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07 November 2018 ~ 0 Comments

BOOK REVIEW: End of Watch by Stephen King

End of Watch is a speculative mystery book by Stephen King, the third in a series of mystery books about retired detective Bill “Kermit” Hodges.  The first book in the series is Mr. Mercedes, the second book is Finders Keepers.  The nature of the series means that I can’t really describe the contents of this book without major spoilers for the other books, especially Mr. Mercedes.  So, if you don’t want those spoiled, stop right here.

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05 September 2018 ~ 0 Comments

Diabolical Plots Year Four Available for Preorder!

Diabolical Plots Year Four is now available for pre-order at major ebook vendors like Amazon and Kobo!  See the books page for links for this and all of the other books published by Diabolical Plots.

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20 August 2018 ~ 0 Comments

The Best of Uncanny Magazine Podcast

Uncanny Magazine is an online Science Fiction and Fantasy magazine with a commitment to diversity.  Lynne M. Thomas and Michael Damien Thomas are the co-publishers and co-editors-in-chief, and Michi Trota is the managing editor.  The first issue of Uncanny Magazine was published in November 2014.  Uncanny Magazine has already been nominated for and won multiple SF/F awards, including winning the Hugo Award for Best Semiprozine, and multiples stories first published there nominated in the Hugo story categories, winning a Parsec award, as well as being a finalist for World Fantasy Award and Locus Award.

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13 July 2018 ~ 0 Comments

DP Submission Email Delay

written by David Steffen This morning the Diabolical Plots submission system started experiencing issues sending emails, so this will prevent me from properly resolving submissions until it’s fixed. Also, submissions can be made and you will get the confirmation number on the site (write that down if you want to check status!), but the issue […]

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27 June 2018 ~ 0 Comments

HUGO BOOK REVIEW: Provenance by Ann Leckie

Provenance is a science fiction novel written by Ann Leckie released in September 2017, which takes place in the same universe as her breakout Imperial Radch trilogy (Ancillary Justice (2013) , Ancillary Sword (2014), Ancillary Mercy (2015)).  This book takes place shortly after the events of Ancillary Mercy.  It doesn’t share any of the characters or settings, but some of the political forces, cultures, technology, and alien races are familiar to those who’ve read the trilogy.  I don’t think you’d have any trouble following the story if you hadn’t read the trilogy, and I think it would work fine as a standalone, but you may have a shortcut to understanding certain elements from having seen the cultures and species in the previous books.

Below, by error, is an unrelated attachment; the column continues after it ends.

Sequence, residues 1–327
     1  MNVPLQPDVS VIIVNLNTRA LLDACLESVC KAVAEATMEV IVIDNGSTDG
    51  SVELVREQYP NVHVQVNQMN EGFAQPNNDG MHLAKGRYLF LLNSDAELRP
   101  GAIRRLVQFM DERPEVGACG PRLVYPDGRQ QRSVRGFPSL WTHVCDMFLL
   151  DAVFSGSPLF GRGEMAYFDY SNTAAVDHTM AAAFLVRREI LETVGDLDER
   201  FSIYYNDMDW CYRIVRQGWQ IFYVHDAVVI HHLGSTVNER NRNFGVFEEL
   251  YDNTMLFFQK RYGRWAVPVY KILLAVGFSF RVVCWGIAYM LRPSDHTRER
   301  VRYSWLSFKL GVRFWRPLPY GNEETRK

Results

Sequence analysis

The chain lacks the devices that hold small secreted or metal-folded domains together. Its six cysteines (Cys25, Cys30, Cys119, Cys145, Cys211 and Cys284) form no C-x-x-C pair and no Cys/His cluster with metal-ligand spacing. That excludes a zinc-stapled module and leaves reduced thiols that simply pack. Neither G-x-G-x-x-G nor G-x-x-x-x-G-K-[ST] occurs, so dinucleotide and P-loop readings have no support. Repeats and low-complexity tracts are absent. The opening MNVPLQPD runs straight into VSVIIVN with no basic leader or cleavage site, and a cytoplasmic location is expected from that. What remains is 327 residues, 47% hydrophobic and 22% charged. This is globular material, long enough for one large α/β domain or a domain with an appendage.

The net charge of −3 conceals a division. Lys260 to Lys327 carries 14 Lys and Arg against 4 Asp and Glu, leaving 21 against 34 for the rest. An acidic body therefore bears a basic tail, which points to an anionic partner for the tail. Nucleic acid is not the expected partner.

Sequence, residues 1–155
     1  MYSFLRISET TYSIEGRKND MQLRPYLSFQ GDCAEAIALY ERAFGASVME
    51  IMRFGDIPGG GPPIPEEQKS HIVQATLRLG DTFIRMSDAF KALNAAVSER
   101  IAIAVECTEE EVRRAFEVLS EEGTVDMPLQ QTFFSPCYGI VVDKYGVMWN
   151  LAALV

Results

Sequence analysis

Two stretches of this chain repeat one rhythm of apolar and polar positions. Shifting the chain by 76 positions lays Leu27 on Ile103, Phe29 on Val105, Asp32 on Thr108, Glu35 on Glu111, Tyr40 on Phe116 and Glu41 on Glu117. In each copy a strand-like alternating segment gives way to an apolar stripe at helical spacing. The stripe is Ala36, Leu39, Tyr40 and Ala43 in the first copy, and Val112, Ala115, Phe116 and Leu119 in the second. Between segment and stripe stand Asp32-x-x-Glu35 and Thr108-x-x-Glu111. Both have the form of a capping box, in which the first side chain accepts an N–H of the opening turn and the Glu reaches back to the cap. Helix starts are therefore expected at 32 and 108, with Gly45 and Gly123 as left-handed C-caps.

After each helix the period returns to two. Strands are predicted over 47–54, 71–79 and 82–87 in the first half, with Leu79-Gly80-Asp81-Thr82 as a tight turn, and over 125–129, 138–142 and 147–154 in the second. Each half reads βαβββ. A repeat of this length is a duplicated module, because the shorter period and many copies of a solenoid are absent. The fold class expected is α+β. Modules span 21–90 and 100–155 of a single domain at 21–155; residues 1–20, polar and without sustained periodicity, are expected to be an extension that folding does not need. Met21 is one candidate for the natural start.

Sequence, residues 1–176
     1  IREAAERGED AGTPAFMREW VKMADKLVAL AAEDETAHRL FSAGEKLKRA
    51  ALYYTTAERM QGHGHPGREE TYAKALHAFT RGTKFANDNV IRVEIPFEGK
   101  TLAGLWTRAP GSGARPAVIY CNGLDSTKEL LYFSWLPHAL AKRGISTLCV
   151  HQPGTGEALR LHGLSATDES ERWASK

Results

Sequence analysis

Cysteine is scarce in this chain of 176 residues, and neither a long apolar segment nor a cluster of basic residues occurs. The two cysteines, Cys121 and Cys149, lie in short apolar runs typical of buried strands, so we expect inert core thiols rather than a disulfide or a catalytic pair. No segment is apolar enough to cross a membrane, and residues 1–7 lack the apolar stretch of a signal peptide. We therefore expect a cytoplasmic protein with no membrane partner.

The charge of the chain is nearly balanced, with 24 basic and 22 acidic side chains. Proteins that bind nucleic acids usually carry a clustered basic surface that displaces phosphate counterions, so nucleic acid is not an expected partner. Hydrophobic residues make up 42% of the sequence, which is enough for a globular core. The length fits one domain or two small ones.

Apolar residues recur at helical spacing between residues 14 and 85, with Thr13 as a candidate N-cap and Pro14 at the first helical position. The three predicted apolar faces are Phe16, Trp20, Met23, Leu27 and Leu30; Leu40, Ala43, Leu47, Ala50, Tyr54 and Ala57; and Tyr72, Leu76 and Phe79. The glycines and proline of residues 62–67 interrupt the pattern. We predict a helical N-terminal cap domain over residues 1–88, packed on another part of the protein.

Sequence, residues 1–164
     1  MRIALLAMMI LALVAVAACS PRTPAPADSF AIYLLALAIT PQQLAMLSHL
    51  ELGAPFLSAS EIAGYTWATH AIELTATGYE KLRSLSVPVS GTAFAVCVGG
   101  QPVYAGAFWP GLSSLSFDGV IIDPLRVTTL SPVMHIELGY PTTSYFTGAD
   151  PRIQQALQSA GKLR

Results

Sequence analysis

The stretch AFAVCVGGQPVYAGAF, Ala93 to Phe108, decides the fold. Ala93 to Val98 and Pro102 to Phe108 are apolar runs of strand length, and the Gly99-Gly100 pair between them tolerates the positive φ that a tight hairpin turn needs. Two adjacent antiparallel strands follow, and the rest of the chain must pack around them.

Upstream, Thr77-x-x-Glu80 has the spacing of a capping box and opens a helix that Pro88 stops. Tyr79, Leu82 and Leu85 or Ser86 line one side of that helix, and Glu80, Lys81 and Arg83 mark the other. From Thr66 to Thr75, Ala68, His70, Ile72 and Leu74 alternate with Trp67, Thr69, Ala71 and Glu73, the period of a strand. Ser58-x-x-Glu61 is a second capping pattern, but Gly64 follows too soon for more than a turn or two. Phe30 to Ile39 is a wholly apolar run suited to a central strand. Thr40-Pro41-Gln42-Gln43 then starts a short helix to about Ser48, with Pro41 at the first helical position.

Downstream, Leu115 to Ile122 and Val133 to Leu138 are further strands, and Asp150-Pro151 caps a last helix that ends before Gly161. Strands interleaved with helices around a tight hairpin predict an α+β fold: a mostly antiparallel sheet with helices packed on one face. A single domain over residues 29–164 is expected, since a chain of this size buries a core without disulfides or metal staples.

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25 September 2017 ~ 0 Comments

MOVIE REVIEW: The Hunger Games: Mockingjay Part 2

The Hunger Games: Mockingjay Part 2 is the 4th and final movie in the Hunger Games movie series, which is based on the second half of the third book of the written trilogy by Suzanne Collins, and was released by Lionsgate Films in November 2015.

Twelve districts are ruled over by the capital of PanAm.  In continued punishment for a rebellion 75 years ago, the capital rules over the districts oppressively, including forcing children from each community to participate in annual Hunger Games–tournaments to the death both for the entertainment of the capital and to send messages about rebellions.  Inspired by the rebellious actions of Katniss Everdeen of District Twelve, and from their new stronghold in District Thirteen that was previously thought destroyed by almost everyone, the districts are in open conflict with the capital for the first time in 75 years.

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23 June 2017 ~ 0 Comments

MOVIE REVIEW: Finding Dory